• MR Oct-19#49  as a young nation with a small Navy 
being able to teach the)
    October 2019 - Maritime Reporter and Engineering News page: 49

    , the investment in nuclear needs to be driven by government investment. And government investment in maritime is as rare as a young nation with a small Navy being able to teach the largest Navy in the world a lesson or two. www.marinelink.com 49 MR #10 (42-49).indd 49 10/4/2019 5:16:16 P

  • MR Oct-19#46  year, but  the British, and navy steam would have  that)
    October 2019 - Maritime Reporter and Engineering News page: 46

    and really put a hurt on many reasons for this column to discuss A Highlands New Jersey. To- have her amazing victories that year, but the British, and navy steam would have that, but in this 80th anniversary issue of day it is a wonderful little museum and if she had been caught, today we would been

  • MR Oct-19#45  been the 
workhorse of the US Navy for over 20 years, 
and)
    October 2019 - Maritime Reporter and Engineering News page: 45

    HISTORY DESIGN EVOLUTION The Arleigh Burke design has been the workhorse of the US Navy for over 20 years, and will be for another 40-50 years. or for NOAA, Coast Guard, or for Taiwan or Australia.” Outside of the government focus, our DLBA business has been a tremendous addition to the company. The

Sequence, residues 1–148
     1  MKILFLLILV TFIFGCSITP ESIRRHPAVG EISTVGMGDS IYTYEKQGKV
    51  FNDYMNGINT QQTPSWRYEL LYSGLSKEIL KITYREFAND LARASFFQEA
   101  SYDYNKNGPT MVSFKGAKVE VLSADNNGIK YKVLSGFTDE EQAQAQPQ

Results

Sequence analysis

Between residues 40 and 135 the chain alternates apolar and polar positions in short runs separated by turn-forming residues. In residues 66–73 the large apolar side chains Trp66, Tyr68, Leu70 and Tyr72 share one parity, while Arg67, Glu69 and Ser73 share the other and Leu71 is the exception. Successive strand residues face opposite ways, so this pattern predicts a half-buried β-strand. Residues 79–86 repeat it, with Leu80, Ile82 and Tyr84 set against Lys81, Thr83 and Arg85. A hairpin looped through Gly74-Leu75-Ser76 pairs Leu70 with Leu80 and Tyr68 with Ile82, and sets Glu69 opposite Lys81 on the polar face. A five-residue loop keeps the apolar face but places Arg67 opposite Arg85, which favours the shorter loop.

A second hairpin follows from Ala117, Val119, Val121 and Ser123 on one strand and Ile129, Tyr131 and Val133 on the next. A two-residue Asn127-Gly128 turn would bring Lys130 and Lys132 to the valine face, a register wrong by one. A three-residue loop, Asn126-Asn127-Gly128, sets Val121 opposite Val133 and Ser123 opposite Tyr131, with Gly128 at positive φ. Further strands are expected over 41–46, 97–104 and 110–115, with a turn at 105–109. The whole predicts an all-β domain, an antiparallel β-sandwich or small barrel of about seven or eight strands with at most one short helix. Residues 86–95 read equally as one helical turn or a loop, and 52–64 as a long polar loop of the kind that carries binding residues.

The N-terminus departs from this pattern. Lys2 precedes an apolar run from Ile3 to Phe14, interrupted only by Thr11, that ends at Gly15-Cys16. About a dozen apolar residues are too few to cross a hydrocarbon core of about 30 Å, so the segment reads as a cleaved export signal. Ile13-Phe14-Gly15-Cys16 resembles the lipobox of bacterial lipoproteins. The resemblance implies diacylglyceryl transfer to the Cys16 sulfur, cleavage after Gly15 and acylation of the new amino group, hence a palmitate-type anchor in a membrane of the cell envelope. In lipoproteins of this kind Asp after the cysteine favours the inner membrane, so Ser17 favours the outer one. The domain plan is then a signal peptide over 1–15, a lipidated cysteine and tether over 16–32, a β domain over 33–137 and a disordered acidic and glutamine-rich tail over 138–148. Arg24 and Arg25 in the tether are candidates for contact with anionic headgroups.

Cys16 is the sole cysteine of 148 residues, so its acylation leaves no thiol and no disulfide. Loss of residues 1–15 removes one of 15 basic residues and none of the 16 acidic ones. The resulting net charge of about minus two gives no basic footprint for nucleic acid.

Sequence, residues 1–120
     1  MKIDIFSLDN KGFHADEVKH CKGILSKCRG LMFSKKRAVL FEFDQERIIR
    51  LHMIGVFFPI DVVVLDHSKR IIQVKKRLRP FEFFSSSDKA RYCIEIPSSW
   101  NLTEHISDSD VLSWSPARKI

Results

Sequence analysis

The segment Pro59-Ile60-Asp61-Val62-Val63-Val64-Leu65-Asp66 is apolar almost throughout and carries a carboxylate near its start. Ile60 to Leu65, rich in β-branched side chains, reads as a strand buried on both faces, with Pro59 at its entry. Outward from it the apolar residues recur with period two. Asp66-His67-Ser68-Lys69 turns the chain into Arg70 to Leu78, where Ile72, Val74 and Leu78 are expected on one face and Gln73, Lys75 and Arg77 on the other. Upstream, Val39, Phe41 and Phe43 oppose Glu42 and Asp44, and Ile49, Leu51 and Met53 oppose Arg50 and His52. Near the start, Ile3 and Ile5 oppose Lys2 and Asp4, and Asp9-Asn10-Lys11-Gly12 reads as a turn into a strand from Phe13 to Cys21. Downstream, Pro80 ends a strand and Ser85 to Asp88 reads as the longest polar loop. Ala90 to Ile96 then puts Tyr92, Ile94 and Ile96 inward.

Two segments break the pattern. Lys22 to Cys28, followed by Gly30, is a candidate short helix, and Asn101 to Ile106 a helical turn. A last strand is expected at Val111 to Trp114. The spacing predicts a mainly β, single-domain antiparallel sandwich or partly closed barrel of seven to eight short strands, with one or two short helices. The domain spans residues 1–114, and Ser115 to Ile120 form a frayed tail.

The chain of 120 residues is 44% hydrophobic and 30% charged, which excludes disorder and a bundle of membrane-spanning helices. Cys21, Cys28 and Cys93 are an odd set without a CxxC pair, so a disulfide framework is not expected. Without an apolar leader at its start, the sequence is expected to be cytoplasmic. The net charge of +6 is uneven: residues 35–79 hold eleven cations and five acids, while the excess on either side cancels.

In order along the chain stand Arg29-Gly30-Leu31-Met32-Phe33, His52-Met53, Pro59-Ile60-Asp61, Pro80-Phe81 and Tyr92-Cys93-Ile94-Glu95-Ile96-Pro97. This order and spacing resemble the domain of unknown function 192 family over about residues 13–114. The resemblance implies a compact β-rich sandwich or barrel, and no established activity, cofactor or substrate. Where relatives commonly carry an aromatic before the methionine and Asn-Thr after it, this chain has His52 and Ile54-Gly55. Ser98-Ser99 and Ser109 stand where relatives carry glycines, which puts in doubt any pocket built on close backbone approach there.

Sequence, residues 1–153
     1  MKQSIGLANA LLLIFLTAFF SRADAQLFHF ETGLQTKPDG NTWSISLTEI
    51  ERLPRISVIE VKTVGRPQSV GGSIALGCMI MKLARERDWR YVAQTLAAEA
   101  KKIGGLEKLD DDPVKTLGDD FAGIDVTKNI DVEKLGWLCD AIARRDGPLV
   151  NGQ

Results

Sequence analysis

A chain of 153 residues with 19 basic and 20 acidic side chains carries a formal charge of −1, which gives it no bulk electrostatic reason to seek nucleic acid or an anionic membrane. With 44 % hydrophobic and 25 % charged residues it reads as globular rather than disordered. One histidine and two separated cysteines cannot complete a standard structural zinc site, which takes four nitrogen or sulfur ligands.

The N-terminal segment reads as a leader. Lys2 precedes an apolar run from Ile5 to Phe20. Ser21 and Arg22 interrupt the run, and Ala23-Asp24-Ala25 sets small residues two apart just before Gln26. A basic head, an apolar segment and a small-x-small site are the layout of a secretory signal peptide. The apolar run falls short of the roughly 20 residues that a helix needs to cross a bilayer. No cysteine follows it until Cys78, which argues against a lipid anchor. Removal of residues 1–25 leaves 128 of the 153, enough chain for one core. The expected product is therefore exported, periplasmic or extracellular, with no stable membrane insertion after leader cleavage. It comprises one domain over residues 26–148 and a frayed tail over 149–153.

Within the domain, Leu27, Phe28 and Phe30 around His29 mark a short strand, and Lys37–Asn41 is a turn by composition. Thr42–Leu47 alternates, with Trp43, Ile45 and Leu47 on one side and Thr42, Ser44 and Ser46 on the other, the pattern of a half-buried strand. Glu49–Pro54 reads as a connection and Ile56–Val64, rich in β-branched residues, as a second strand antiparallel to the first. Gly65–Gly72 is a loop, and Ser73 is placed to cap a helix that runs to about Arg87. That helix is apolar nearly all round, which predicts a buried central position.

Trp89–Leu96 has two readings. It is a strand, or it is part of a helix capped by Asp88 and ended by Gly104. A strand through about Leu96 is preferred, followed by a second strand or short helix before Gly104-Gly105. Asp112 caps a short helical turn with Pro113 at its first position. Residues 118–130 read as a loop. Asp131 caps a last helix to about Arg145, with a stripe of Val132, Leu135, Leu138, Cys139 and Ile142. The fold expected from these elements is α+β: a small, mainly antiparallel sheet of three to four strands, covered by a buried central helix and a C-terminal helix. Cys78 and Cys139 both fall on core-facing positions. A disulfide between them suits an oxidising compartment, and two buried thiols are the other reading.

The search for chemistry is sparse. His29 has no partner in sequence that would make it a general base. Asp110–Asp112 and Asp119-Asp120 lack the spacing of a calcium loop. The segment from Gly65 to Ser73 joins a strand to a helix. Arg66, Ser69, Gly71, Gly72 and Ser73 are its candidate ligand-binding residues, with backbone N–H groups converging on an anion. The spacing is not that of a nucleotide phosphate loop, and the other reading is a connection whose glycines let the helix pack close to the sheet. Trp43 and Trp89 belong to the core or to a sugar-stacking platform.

• MR Oct-19#42  
relationship with the U.S. Navy, a 
customer with high)
    October 2019 - Maritime Reporter and Engineering News page: 42

    the next decade we can see data being accessed by Arti? cial Intelligence appli- cations. Gibbs & Cox has had a long-standing relationship with the U.S. Navy, a customer with high demands and expectations. What’s the secret for building and maintaining a strong relationship with this demanding customer

  • MR Oct-19#41  of Di- ing teams in the US Navy, Missile Defense Agency)
    October 2019 - Maritime Reporter and Engineering News page: 41

    leader in the naval architecture augment government program of? ce and engineer- and marine engineering industry. Our Board of Di- ing teams in the US Navy, Missile Defense Agency rectors challenged us with growth in a ? at market, and USCG. Our role as a shipyard Design Agent and we have exceeded